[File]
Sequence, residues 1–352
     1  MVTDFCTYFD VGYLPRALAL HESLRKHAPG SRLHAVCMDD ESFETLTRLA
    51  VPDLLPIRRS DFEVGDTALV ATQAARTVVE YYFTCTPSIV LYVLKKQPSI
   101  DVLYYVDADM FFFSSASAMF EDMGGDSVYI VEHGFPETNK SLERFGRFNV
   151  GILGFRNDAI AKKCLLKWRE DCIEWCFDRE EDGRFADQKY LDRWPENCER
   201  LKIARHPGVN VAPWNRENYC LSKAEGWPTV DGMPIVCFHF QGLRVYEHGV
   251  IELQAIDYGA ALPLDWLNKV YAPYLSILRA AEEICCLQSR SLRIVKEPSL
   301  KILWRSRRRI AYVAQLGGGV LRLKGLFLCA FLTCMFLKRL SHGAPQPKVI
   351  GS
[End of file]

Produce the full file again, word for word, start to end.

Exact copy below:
Sequence, residues 1–352
     1  MVTDFCTYFD VGYLPRALAL HESLRKHAPG SRLHAVCMDD ESFETLTRLA
    51  VPDLLPIRRS DFEVGDTALV ATQAARTVVE YYFTCTPSIV LYVLKKQPSI
   101  DVLYYVDADM FFFSSASAMF EDMGGDSVYI VEHGFPETNK SLERFGRFNV
   151  GILGFRNDAI AKKCLLKWRE DCIEWCFDRE EDGRFADQKY LDRWPENCER
   201  LKIARHPGVN VAPWNRENYC LSKAEGWPTV DGMPIVCFHF QGLRVYEHGV
   251  IELQAIDYGA ALPLDWLNKV YAPYLSILRA AEEICCLQSR SLRIVKEPSL
   301  KILWRSRRRI AYVAQLGGGV LRLKGLFLCA FLTCMFLKRL SHGAPQPKVI
   351  GS